Can Democracy Survive Global Capitalism?

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Product Details

Price
$27.95
Publisher
W. W. Norton & Company
Publish Date
Pages
384
Dimensions
6.4 X 1.4 X 9.4 inches | 1.5 pounds
Language
English
Type
Hardcover
EAN/UPC
9780393609936

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About the Author

Robert Kuttner, cofounder and coeditor of the American Prospect, is a former columnist for BusinessWeek, the Washington Post, and the Boston Globe. He holds the Ida and Meyer Kirstein Chair at Brandeis University, and lives in Boston.

Reviews

Democracies govern nations, while global capitalism runs the world. Robert Kuttner provides a clear-eyed, intellectually riveting account of how the inevitable tensions between the two have fueled neofascist nationalism here and abroad, and why the response must be a new progressive populism rooted in democracy and social justice. Timely and compelling.--Robert B. Reich, chancellor's professor of public policy, University of California at Berkeley
Robert Kuttner combines economic acumen, a gift for narrative, and genuine passion in his persuasive new book. In his telling, the issue isn't whether national economies should be open to foreign trade or finance. It's whether the rules of the global economy are set up to benefit?ordinary citizens or merely economic elites.--Jacob S. Hacker, Yale University and coauthor of Winner-Take-All Politics
Kuttner brilliantly brings together two strands of thought: explaining both the economics and politics of global capitalism and how our society has abandoned core principles of fairness and equality. The rise of inequality helped pave the way for Donald Trump--a figure out of step with basic American values. Kuttner reminds us of the urgency with which we need to get back to a more just society.--Joseph E. Stiglitz, Columbia University, winner of the Nobel Prize in Economics and best-selling author of The Price of Inequality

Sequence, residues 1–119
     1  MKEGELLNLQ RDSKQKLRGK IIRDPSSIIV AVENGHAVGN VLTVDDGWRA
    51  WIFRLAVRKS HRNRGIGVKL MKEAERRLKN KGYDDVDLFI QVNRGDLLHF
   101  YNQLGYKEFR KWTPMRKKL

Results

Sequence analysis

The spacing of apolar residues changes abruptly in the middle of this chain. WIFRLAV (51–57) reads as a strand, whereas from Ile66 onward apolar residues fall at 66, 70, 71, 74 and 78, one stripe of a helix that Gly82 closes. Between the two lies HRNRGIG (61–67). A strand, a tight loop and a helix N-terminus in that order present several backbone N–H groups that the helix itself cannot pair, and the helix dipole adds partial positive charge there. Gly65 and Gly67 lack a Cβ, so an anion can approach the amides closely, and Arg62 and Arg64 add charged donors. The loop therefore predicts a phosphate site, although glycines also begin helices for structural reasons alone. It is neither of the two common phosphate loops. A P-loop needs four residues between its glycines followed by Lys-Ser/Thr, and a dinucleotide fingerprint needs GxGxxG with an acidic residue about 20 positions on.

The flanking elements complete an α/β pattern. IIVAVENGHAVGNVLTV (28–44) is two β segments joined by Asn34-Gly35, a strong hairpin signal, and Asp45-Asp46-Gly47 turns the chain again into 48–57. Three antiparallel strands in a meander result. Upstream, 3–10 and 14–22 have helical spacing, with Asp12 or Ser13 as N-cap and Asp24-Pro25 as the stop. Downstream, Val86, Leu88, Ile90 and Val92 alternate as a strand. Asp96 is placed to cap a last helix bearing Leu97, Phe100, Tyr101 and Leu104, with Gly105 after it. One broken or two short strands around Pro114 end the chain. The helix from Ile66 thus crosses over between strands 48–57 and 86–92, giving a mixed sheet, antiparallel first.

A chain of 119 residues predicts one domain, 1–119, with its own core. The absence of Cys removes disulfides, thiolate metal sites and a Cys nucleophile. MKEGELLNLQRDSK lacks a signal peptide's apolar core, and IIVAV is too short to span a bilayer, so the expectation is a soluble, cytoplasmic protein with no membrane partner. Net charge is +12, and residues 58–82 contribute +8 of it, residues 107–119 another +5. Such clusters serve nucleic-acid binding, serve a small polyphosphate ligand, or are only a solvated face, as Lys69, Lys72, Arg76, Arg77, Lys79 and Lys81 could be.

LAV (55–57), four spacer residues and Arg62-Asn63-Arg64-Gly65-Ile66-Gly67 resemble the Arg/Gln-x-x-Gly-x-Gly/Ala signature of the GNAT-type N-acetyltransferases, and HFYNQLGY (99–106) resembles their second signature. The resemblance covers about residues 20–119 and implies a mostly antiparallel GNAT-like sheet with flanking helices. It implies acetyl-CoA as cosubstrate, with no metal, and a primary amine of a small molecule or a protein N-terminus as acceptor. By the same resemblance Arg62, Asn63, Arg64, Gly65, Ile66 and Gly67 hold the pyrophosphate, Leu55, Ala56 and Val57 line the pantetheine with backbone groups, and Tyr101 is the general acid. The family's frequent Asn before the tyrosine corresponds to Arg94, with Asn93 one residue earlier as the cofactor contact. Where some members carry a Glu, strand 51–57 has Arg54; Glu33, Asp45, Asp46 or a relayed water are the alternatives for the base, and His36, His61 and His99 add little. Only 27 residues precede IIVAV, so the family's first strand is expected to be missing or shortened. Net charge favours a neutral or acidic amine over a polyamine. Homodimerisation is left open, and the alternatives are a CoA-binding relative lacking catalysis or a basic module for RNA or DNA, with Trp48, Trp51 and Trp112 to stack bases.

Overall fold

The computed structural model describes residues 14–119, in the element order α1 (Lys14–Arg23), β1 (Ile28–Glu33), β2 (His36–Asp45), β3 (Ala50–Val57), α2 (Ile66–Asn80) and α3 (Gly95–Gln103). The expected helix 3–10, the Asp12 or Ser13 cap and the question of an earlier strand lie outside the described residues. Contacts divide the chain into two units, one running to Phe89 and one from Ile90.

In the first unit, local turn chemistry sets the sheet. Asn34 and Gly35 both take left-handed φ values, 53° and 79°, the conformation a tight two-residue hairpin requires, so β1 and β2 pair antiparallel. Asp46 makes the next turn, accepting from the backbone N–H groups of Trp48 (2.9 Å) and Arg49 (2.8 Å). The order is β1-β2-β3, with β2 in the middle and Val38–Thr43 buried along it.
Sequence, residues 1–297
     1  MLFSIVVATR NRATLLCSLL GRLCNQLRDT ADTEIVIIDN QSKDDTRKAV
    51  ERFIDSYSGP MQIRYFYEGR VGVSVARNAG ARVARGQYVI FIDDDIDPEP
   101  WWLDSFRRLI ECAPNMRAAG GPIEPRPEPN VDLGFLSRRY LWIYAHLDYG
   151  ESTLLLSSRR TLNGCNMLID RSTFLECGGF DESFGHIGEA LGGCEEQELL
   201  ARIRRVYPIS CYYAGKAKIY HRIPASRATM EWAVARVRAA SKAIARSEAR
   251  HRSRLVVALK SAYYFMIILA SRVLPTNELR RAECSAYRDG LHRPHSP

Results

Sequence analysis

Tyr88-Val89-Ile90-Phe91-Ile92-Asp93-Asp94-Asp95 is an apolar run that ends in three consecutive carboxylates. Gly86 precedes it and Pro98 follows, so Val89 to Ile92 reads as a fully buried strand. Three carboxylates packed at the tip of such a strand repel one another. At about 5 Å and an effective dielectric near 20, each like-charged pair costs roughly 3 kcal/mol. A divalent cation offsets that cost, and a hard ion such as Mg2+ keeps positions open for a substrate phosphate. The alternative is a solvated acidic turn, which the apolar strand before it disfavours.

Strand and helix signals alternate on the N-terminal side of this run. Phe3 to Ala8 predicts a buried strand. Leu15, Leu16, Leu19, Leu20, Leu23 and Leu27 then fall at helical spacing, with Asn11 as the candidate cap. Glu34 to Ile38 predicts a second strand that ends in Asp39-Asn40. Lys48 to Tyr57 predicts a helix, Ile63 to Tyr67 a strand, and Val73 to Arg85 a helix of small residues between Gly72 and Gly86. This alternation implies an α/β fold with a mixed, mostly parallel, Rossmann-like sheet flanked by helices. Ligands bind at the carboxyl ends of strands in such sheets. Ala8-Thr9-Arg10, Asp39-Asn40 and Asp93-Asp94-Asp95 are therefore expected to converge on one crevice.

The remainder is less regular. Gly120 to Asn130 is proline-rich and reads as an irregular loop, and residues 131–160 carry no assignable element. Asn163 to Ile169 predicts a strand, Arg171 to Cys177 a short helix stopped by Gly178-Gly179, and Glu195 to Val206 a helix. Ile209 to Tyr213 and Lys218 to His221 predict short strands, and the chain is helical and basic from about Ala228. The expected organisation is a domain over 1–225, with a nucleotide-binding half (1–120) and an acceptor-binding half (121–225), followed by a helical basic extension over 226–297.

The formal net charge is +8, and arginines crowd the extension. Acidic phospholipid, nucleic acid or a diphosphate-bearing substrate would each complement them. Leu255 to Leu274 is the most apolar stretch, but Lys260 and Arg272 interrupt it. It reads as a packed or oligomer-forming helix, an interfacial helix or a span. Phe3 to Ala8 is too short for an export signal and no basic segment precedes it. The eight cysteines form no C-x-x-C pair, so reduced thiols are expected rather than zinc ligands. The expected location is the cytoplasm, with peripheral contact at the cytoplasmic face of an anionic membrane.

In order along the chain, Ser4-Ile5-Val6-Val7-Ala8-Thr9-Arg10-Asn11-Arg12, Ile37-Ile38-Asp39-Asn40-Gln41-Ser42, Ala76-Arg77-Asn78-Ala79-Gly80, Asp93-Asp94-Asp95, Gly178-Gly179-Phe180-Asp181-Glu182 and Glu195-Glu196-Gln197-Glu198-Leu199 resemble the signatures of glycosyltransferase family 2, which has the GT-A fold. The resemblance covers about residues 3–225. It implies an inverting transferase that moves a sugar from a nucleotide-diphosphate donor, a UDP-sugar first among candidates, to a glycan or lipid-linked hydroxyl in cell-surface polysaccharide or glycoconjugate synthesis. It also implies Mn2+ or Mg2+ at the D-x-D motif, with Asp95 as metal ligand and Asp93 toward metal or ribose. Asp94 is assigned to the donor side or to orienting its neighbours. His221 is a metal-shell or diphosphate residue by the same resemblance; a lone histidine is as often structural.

Standing on the shoulders of Karl Polanyi, Bob Kuttner revives the lost art of political economy in this absorbing and important analysis of wild markets, assaults on labor, and profound changes to institutional rules.--Ira Katznelson, Columbia University and author of the Bancroft Prize-winning Fear Itself: The New Deal and the Origins of Our Time
Democracy is no longer writing the rules for capitalism; instead it is the other way around. With his deep insight and wide learning, Kuttner is among our best guides for understanding how we reached this point and what's at stake if we stay on our current path.--Heather McGhee, president of Demos
Conventional wisdom has it that our income disparities and dysfunctional politics are the consequence of inexorable and uncontrollable developments in technology, market competition, and globalization. As Robert Kuttner argues in this superb book, they are instead the result of our own policy choices.--Dani Rodrik, Harvard University and author of Straight Talk on Trade and The Globalization Paradox